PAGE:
Imagine living again in a time with no cell phones, internet, and the other so-called modern conveniences that “save us time.” I could go back in a New York second.  Technology and consumption is moving at a scary pace, folks.  I wonder what we’ll be looking back at with nostalgia-glazed eyes 25 yrs from now… Planet Earth?

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Ford Model T – 1908-1909, the Henry Ford Museum and Greenfield Village, Dearborn, Michigan

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Statue of Liberty on Bedloe’s Island in New York Harbor, New York City

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Fifth Avenue and 42nd Street, New York City

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THE LAST PICTURE SHOW | EPIC FEAST OF DUST, DENIM, DESIRE & DREAMS

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If this film doesn’t make you feel something– check your pulse.  You’re probably dead.  It’s a feast for the eyes, ears and soul.  Beautifully sad, haunting, yearning.  It pokes at that hole inside that we all have. The music weaves through the film magically– a part of the story.  Like when Sonny tunes in the radio…

And the cornerstone is a crusty old codger who dies halfway through the flick.  Sam the Lion is The Last Picture Show.

When I was a boy, all I wanted to be was James Dean.  The smoldering, misunderstood, angst-filled rebel badass– always on the outside lookin’ in.  Now that I’m older, and hopefully wiser– all I want to be is Sam the Lion. The strong, salty, cowboy sage.  Mellowed with age– but straight-out speaks his mind. See, he’s got no time for puttin’ up with trashy behavior, and won’t hesitate to call a spade a spade.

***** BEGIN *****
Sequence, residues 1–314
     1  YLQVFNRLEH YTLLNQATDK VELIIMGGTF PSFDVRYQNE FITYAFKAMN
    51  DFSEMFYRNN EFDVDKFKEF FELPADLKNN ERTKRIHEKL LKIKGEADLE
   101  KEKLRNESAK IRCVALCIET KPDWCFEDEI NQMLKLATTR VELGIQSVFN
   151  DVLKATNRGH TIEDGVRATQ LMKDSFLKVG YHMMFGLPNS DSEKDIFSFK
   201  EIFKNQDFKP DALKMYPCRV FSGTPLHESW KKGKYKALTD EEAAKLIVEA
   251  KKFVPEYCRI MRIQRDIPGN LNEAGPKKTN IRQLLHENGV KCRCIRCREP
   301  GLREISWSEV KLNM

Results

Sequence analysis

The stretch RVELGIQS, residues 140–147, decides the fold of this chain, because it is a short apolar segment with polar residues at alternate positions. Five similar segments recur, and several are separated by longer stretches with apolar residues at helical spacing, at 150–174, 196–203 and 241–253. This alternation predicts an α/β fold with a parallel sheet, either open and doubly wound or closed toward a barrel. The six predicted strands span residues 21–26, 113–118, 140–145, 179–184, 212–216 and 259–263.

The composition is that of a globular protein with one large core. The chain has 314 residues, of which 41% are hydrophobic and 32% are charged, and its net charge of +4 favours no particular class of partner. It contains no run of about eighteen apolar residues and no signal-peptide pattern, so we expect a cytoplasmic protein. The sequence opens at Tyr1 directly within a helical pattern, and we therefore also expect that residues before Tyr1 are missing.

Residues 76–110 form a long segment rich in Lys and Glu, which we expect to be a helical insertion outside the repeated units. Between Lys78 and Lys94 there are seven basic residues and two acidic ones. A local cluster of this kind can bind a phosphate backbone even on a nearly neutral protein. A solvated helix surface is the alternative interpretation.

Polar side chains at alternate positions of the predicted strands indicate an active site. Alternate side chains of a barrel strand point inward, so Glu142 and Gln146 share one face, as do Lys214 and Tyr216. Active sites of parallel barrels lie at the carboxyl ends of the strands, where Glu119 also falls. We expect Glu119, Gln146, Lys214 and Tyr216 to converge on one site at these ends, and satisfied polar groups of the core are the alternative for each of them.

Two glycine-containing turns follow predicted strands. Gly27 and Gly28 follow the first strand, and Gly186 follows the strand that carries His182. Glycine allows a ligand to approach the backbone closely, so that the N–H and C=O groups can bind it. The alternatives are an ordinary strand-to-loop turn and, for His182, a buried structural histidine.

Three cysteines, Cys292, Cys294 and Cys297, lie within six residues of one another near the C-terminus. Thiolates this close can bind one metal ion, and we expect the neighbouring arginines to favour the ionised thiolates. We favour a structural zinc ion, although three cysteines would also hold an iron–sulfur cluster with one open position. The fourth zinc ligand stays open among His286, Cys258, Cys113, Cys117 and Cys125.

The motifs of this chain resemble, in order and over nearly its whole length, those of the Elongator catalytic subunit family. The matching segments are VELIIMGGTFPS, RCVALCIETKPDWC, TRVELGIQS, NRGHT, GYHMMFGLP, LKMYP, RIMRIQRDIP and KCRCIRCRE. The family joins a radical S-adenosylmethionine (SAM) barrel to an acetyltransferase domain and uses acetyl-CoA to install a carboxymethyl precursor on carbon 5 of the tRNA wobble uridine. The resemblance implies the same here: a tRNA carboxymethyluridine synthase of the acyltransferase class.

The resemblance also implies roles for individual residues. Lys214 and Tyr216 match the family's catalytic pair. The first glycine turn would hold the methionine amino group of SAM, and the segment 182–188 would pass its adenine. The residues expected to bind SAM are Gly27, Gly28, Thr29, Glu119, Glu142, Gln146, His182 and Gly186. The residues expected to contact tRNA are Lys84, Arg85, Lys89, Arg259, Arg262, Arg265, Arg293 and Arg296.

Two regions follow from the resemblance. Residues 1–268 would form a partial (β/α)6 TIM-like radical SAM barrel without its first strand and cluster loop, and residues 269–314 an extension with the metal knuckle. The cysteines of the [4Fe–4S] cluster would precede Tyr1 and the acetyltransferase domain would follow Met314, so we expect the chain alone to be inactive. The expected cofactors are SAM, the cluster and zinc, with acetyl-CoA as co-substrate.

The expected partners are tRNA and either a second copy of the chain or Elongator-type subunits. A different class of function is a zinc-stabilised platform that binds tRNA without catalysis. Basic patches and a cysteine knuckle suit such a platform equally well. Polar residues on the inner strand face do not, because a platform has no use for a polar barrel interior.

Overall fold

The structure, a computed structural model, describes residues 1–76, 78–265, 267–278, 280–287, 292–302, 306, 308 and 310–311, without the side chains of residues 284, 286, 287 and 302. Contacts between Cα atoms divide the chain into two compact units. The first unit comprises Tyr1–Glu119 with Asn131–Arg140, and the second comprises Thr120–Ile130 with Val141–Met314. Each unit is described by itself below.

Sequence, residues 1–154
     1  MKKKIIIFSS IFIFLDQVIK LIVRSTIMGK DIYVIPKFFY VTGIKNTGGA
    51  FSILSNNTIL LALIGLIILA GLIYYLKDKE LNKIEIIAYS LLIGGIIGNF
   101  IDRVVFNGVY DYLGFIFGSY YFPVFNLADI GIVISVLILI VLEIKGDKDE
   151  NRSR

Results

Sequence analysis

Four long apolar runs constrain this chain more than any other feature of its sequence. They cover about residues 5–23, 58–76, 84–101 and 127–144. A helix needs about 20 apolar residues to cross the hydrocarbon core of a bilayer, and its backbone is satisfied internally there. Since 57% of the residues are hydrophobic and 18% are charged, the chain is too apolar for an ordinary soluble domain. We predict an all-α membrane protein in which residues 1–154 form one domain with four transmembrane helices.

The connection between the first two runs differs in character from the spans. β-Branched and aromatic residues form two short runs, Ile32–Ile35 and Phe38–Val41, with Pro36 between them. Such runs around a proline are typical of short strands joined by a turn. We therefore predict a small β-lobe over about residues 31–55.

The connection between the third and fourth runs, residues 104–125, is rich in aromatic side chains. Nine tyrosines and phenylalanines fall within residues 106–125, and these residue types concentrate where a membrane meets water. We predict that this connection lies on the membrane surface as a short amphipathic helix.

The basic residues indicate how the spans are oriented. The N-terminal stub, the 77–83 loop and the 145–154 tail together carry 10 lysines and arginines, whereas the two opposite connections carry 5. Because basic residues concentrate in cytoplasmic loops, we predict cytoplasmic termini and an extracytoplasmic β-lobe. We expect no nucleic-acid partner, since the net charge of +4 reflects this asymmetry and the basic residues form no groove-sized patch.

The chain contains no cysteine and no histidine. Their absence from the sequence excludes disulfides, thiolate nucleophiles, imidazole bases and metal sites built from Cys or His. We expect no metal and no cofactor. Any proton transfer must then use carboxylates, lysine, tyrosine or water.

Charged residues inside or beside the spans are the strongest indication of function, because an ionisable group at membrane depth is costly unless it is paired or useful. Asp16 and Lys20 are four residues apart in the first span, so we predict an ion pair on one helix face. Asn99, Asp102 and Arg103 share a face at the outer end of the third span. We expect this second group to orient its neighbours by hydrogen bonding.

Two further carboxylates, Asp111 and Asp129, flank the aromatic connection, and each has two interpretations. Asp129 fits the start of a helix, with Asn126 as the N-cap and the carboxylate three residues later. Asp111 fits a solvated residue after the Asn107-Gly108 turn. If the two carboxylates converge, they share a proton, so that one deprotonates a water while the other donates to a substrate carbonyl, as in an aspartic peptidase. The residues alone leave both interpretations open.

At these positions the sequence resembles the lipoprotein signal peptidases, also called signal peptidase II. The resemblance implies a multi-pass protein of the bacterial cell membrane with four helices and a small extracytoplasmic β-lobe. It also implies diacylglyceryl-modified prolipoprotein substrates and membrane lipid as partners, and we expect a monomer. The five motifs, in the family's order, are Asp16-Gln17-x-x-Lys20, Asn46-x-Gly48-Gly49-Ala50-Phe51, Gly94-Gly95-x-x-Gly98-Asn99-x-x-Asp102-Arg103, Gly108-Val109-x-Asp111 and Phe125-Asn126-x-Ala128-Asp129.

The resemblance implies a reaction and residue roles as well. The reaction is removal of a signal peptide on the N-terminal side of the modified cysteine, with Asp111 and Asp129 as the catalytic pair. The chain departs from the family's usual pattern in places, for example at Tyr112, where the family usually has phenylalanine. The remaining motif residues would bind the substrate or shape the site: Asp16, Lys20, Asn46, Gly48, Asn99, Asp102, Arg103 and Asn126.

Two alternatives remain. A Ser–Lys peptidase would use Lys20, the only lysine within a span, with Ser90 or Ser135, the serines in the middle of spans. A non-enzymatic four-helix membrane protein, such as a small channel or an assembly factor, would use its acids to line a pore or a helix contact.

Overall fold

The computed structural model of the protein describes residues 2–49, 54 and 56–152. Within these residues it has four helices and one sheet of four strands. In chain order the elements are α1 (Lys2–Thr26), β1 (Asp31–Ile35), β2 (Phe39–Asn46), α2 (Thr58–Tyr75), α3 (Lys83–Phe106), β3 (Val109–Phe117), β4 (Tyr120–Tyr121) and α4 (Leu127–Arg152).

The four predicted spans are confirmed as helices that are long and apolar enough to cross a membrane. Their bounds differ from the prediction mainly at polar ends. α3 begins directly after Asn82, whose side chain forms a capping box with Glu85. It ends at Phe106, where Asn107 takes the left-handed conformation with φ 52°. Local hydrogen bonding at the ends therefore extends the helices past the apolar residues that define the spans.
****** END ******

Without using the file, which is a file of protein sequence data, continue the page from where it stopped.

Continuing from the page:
Maybe if you’re twenty and don’t want to be James Dean– you don’t have a heart. And maybe if you’re forty and don’t want to be Sam the Lion– you don’t have a brain. Maybe that’s all just a bunch of bullshit.

Find your true skin and learn to be comfortable in it– the rest ‘ll take care of itself.

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EVEN COWBOYS GET THE BLUES | VINTAGE PHOTOS OF DUDES IN DENIM

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Times sure have changed.  Playing “Cowboys & Indians” outside has been replaced with playing “Halo” or “Call of Duty” in a darkened room.  Heck, it’s probably so politically incorrect to even mention “Cowboys & Indians” that someone somewhere is having a tizzy.  The American cowboy is an icon of grit, honor, independence and masculinity.  Hard work, long days, and little pay except for the open sky, a horse to ride, a hot meal and a drink or two to wet your whistle.  Maybe even a dance with a pretty girl if yer’ lucky– and don’t stink to high heaven.

The 1910s – 1930s saw the Wild West American lifestyle move largely from a way of life, to ever-increasing faded memories and mythology.  Our country was getting smaller. Technology and transportation were ushering in a new era of industrialized cities and advanced accessibility.  The real jean-wearin’ cowboy lifestyle of days past were kept alive over the decades largely through the Western fashions worn by the stars of silver screen and music.